Bella stands up for herself for once and says, Take me home. She tries to unfasten her seat belt off-road harness, but of course the straps are too complicated for her. But just in case she eventually figures them out, Edward has Emmett The Big One secure her hands in his steely grasp.

Edward says, STFU and let me kidnap you in peace, bitch I have to do this, please be quiet. Bella says, If you do, my dad will call the FBI and your whole Beautiful Sparkly Vampire Family will have to run and hide. (I'm not real clear on why Bella's Dad wouldn't just call himself, since he's the Police Chief.)

Edward says, Whatever, we're good at running away. Bella says, I'm not worthy, and struggles violently, with total futility. Alice The Nice One says, Pull over a minute and let's talk this over. Edwards says, No way, James The Extra-Bad Scruffy Shoeless Vampire Who Wants to Kill Bella is a "Tracker." Everybody but Bella knows what that means. (I suspect that's a situation she finds herself in fairly often.)

A Tracker, we learn from the dialog, is a vampire that tracks people. (Apparently that means that instead of finding a person and eating them right away, the vampire lets them go and follows their trail and then eats them. Or something. Anyway, it's an excuse to have six more chapters instead of just having a big vampire fight, The End.)

Everybody argues with Edward, who keeps insisting on running away. Edward roars, hisses, snarls (blisteringly), and growls during the argument, but he loses anyway. He loses partly because Bella's Dad would be in danger, but mainly because Bella has come up with what everybody agrees is a great idea: she'll go home, tell her dad she hates him and is moving to Phoenix to live with her mom, and then she'll go to Phoenix. That will totally fool James The Extra-Bad Scruffy Shoeless Vampire Who Wants to Kill Bella, because he'll be sure that the one place Bella won't go is the place she tells everyone she's going. But just in case he does go to Phoenix, she won't actually live with her mom.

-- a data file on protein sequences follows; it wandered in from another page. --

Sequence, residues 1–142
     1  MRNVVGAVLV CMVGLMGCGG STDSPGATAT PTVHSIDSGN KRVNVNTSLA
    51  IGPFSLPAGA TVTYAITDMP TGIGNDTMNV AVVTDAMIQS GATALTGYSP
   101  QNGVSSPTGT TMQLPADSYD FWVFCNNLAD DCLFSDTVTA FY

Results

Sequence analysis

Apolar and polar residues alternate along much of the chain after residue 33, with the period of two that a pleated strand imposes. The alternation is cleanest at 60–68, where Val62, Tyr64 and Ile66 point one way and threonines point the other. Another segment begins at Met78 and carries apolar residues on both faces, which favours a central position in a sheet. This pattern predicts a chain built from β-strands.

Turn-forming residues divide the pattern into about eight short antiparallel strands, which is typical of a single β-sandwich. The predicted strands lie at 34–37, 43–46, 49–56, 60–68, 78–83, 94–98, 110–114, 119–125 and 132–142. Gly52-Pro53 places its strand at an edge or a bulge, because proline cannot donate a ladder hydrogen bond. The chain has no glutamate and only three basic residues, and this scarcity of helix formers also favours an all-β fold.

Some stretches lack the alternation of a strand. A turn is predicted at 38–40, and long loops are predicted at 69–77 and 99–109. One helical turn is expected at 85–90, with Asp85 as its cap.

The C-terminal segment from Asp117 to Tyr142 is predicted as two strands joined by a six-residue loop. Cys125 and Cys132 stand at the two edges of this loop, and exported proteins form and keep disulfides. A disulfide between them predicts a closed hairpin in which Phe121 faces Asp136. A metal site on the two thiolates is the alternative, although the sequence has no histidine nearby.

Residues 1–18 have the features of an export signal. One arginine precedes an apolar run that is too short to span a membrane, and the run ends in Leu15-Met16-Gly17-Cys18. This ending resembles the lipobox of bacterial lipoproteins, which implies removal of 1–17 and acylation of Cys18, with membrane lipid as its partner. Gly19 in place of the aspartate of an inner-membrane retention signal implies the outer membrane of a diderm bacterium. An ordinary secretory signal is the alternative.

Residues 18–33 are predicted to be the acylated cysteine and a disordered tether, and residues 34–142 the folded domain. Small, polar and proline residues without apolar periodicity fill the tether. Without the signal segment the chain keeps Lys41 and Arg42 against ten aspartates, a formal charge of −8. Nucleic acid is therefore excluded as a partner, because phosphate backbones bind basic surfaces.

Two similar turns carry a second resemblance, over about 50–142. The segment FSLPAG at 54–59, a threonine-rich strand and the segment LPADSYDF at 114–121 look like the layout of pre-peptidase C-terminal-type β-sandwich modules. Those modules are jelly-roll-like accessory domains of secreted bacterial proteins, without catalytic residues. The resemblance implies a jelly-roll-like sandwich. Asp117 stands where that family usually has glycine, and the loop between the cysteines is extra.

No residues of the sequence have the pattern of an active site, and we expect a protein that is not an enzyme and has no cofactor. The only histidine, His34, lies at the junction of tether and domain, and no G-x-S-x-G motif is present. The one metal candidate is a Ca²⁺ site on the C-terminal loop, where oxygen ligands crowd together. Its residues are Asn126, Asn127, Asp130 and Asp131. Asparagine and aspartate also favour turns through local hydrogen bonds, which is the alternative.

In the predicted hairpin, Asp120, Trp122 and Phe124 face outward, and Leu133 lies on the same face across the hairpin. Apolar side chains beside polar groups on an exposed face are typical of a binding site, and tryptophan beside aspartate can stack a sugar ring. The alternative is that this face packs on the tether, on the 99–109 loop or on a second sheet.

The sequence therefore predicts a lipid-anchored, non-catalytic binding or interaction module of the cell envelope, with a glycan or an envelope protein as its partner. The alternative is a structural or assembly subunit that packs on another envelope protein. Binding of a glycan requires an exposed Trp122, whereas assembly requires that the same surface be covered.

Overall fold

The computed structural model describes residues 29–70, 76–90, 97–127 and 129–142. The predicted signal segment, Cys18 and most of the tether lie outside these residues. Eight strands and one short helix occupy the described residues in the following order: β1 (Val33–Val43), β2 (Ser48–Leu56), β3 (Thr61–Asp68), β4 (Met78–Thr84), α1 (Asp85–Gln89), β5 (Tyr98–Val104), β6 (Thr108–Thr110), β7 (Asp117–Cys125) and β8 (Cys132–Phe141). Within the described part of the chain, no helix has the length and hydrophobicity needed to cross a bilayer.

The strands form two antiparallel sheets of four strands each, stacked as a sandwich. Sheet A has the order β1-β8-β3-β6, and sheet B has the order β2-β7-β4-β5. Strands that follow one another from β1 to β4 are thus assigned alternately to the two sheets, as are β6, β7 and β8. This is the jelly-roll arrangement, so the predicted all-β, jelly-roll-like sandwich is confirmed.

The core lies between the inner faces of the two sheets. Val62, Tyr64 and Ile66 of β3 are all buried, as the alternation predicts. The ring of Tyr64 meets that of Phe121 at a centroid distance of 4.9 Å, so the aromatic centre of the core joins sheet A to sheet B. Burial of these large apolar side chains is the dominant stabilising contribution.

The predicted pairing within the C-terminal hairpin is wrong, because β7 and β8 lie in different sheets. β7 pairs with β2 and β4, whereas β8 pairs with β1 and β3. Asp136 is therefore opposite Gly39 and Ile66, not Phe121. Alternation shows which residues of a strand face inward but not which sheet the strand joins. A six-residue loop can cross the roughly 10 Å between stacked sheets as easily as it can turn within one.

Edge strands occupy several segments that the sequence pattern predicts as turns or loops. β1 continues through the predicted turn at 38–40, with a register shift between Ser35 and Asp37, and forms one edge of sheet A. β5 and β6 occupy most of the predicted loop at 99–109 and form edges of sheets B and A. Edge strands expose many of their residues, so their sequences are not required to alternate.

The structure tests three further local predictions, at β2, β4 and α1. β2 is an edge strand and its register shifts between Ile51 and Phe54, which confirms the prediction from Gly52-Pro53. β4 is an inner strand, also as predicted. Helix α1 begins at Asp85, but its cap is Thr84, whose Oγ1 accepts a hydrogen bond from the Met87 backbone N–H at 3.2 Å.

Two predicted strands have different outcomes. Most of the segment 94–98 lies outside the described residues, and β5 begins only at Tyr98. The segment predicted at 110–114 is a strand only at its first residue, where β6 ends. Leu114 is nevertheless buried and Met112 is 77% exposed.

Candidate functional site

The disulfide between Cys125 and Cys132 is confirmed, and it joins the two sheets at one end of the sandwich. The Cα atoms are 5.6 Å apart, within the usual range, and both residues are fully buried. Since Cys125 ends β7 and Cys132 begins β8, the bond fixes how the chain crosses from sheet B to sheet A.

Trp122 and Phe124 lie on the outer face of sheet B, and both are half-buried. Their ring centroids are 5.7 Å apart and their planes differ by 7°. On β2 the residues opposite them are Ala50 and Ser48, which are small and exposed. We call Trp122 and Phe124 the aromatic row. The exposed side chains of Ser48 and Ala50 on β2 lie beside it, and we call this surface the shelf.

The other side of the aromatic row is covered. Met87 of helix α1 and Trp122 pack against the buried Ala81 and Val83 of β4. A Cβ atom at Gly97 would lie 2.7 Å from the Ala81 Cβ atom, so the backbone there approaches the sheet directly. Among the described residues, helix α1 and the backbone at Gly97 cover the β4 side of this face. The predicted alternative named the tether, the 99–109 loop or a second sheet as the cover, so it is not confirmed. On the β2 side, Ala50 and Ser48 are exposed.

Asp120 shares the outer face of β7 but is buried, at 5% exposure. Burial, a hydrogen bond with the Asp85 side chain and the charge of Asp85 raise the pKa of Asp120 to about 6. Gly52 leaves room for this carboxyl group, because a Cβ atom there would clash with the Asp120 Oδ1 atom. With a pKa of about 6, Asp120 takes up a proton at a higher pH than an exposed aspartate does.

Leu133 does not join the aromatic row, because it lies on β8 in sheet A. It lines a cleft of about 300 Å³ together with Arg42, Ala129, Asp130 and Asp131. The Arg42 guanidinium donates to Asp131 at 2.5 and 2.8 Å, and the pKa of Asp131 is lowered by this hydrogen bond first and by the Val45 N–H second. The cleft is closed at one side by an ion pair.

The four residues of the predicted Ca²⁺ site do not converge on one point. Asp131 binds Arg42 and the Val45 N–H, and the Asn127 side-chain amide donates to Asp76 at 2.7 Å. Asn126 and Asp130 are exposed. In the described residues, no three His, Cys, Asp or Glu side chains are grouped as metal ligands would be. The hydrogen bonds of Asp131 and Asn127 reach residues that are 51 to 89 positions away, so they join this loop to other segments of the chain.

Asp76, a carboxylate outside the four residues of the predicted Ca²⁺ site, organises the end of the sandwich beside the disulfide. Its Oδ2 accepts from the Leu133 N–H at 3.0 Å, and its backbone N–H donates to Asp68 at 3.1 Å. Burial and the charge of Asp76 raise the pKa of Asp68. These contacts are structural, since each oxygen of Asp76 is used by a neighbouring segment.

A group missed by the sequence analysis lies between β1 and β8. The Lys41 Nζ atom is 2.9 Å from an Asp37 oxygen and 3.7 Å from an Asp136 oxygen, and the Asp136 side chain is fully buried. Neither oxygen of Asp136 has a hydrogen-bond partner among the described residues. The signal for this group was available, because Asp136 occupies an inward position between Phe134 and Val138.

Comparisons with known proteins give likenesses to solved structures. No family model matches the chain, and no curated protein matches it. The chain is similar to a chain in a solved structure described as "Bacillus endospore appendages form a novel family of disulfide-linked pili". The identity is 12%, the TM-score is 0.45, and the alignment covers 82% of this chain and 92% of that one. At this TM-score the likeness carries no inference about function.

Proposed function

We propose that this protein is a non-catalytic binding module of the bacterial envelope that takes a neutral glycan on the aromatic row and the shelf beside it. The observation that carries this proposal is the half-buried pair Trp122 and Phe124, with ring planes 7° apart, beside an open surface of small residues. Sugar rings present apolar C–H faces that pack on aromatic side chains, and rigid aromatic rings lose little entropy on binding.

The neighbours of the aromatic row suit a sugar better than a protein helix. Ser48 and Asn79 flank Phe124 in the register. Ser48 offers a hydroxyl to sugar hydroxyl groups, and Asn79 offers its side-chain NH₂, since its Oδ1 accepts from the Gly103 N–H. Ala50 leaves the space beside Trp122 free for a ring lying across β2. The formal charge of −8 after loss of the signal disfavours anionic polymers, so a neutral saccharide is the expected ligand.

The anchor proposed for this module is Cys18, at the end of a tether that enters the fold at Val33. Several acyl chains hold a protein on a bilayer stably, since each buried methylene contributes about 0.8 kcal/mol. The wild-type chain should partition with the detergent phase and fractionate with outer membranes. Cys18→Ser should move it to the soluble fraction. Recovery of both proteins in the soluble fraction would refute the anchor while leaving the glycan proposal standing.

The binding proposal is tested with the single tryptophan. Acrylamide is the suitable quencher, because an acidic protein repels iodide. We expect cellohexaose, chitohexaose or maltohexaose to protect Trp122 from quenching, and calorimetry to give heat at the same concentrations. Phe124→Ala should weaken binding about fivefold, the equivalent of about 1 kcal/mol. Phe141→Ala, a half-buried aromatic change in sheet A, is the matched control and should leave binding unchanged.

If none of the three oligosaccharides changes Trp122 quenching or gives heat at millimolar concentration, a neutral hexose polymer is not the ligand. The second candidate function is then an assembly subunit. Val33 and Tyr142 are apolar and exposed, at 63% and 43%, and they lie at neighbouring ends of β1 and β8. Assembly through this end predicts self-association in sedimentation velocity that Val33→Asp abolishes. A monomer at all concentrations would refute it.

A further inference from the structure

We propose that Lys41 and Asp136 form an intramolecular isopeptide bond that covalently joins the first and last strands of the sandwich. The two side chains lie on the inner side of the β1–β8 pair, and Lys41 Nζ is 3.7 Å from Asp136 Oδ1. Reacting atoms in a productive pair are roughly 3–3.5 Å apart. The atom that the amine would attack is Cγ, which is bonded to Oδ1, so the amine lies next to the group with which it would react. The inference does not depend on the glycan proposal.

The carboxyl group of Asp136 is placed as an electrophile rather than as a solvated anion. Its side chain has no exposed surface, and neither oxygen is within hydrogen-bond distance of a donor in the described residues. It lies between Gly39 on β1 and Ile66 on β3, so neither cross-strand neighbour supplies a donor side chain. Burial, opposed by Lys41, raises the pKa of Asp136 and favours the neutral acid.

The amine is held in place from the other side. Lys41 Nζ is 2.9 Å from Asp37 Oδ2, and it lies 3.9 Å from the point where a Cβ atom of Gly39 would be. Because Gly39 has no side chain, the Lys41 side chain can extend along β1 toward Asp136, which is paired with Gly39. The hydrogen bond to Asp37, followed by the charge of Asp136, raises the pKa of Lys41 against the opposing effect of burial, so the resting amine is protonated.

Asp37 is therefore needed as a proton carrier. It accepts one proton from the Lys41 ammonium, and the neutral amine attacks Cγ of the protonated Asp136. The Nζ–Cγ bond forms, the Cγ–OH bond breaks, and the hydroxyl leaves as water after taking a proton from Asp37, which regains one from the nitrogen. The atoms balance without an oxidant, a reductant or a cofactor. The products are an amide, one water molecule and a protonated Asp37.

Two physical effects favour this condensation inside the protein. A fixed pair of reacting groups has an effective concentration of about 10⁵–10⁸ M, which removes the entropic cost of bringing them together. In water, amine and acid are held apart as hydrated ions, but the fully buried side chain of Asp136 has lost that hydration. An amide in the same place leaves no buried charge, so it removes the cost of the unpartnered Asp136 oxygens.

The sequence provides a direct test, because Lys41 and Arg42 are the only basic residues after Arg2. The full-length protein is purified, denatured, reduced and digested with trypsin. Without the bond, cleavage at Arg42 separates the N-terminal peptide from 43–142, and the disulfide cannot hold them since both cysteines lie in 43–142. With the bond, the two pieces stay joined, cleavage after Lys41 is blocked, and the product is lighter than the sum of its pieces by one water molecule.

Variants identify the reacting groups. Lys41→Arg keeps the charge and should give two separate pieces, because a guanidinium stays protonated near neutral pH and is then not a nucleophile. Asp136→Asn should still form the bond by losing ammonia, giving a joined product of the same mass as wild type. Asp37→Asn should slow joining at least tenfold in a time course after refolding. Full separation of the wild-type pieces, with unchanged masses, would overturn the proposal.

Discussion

And only Alice The Nice One and Jasper The Other One will go to Phoenix with Bella. (Because when you have numerical superiority over an enemy, the only sensible thing to do is divide your forces so you won't outnumber them anymore. And by "sensible," I don't mean "sensible if you want to defeat the enemy," I mean "sensible if you want to drag things out for a few more chapters and put the heroine in greater jeopardy." And never mind that they just got done figuring out how to keep Bella's Dad out of danger and their plan puts Bella's Mom in danger instead.)